What is a Bank Statement & Why Review it?
If you’ve recently opened a checking or savings account, you may be wondering how to keep track of everything. How do you check to make sure transactions are correctly documented in your checking account? How do you monitor for fraud or keep track of spending and saving? Where can you see the interest you’ve accrued in your savings account? For answers, this is where the bank statement comes in.
A bank statement is a document that summarizes the activity on your bank account over a specific period of time. It shows all your deposits, withdrawals, interest accrued, opening balance, closing balance and account information.
Understanding and reviewing your bank statements is essential for maintaining financial confidence and security. We’ve assembled helpful answers to some of the most common questions about bank statements.
What does a bank statement look like?
Regardless of what bank they’re from, most bank statements look fairly similar. They typically include an overview of the account and bank, followed by an account summary and a detailed breakdown of activity over a specific period. The bank statement usually covers a period of one month, but it can also be quarterly. It’s important to know what a bank statement looks like and how to read one so you don’t miss any critical information.
Regardless of what bank you use, you can expect to see the following on your bank statements.
- Overview of your account, which will include the following information:
- Account name and number
- Your bank’s name and address
- Your bank’s customer service phone number
- Your name and address
- Statement period
- Your account summary, which includes:
- Starting and ending balances
- Interest accrued
- Overdraft information
- Account activity, which is a summary of the transactions you’ve made during the month, such as:
- Deposits (checks, direct deposits, reimbursements, etc.)
- Withdrawals (recurring payments, ATM withdrawals, auto loan payments, etc.)
How do I get a bank statement?
Many people choose to receive their bank statements electronically rather than by mail to preserve paper, keep bank statements secure, and stay better organized. Once you open your new checking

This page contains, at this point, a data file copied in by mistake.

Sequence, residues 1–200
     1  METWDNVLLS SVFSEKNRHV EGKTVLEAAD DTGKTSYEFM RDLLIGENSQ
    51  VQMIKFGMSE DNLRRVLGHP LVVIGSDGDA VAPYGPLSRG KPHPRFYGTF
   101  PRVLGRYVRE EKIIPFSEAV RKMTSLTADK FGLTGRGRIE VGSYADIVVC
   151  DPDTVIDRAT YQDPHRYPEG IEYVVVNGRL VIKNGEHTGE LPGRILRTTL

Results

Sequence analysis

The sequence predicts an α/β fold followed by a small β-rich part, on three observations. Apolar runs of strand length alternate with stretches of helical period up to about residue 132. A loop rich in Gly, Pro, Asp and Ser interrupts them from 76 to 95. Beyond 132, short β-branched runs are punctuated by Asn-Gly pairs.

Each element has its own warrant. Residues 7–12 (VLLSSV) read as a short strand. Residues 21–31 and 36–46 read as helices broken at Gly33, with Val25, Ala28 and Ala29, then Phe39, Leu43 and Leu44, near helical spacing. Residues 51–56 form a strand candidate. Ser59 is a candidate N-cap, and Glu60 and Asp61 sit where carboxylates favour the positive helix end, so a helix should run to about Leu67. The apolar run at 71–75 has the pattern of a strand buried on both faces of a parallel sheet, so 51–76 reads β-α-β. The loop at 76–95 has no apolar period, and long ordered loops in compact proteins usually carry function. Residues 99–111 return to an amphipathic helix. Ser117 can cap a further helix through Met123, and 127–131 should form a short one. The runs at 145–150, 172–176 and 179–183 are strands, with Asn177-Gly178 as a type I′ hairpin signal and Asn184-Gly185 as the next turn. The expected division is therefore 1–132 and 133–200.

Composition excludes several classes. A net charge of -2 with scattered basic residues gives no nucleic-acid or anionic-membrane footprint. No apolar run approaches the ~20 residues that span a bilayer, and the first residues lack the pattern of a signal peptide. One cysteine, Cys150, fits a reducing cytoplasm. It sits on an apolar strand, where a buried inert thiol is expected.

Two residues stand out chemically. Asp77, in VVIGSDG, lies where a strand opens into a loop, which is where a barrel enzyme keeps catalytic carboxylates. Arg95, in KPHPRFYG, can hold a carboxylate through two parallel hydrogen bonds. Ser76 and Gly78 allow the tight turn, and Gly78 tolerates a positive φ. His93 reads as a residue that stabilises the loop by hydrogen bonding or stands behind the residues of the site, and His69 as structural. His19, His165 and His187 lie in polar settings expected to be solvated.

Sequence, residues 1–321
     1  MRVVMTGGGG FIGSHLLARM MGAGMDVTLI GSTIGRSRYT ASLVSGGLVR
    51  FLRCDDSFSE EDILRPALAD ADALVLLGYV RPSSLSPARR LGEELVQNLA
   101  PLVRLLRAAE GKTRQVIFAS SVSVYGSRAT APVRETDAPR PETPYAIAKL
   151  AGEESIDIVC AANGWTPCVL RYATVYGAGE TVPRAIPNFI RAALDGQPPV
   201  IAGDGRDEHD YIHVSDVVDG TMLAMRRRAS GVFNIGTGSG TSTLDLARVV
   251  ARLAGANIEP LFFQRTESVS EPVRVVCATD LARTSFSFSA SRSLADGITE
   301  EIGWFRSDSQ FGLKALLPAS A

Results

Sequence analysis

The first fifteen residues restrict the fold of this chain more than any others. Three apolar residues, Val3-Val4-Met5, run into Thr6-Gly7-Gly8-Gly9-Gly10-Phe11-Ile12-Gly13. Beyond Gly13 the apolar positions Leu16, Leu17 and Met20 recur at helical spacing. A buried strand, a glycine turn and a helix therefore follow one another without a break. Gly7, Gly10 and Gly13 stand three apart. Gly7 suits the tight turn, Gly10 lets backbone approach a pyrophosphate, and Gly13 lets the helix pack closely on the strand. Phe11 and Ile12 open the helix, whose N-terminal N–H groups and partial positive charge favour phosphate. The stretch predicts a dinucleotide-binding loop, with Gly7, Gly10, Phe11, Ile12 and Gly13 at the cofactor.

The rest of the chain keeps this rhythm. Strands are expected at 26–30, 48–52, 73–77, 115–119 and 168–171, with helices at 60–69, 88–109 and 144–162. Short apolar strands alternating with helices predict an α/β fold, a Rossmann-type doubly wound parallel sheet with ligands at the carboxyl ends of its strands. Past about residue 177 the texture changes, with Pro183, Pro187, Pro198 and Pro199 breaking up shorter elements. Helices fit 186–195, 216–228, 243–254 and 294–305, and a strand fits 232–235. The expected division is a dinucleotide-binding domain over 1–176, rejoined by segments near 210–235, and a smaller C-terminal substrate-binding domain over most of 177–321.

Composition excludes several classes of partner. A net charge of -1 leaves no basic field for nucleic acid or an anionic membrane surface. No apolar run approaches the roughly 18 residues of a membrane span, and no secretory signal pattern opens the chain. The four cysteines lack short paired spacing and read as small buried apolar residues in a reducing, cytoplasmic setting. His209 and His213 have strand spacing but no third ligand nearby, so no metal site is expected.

or savings account, you may need to decide how to get a bank statement – either by mail or electronically. Most banks allow you to opt in to paperless delivery. When you log into your bank account online, you’ll probably see a menu item for “statements.” There you’ll be able to review your current and previous bank statements and typically have the option to download them to your computer or mobile device.
How long should I keep my bank statement?
While you should review your bank statement every month, how long you should keep your bank statements is up to personal preference. Most people keep their bank statements for a year; anything tax-related, such as proof of charitable donations, should be kept for at least three years. If you prefer paper statements, keep them in a secure, confidential place, and make sure to shred them when you’re ready to get rid of them. Remember, you can always log into your bank account to review previous bank statements.
Why do I need to review my bank statement?
Your bank statement is the best way to keep track of your funds in your bank accounts. You’ll want to review your bank statements every month to monitor your spending and current balance. Reviewing your bank statement monthly is also the best way to catch potentially fraudulent activity on your account. If you’re questioning what a charge is in your bank statement, or if something doesn’t look correct, contact your bank as soon as possible. The customer service number is usually located somewhere on the statement.
Besides just reviewing your transactions and balances every month, there are a number of other reasons why you’ll want to access your bank statements:
- They can help you budget: Your bank statement is a great tool to help you build a budget as it details every deposit and withdrawal on the account.
- They may be requested as part of a loan application: Banks often require bank statements as proof of income and employment when you apply for a mortgage, auto loan, student loan, or other type of personal loan.
- They may help you rent an apartment: When applying to rent an apartment, leasing offices require a few prior bank statements as proof of income.
- They can help you qualify for Medicaid: Because Medicaid is an income-based program, you’ll need records proving your income.
If you have questions about accessing your bank statement or want to learn more, First National Bank and Trust is here to help. Contact us
or find a branch near you
to start a conversation.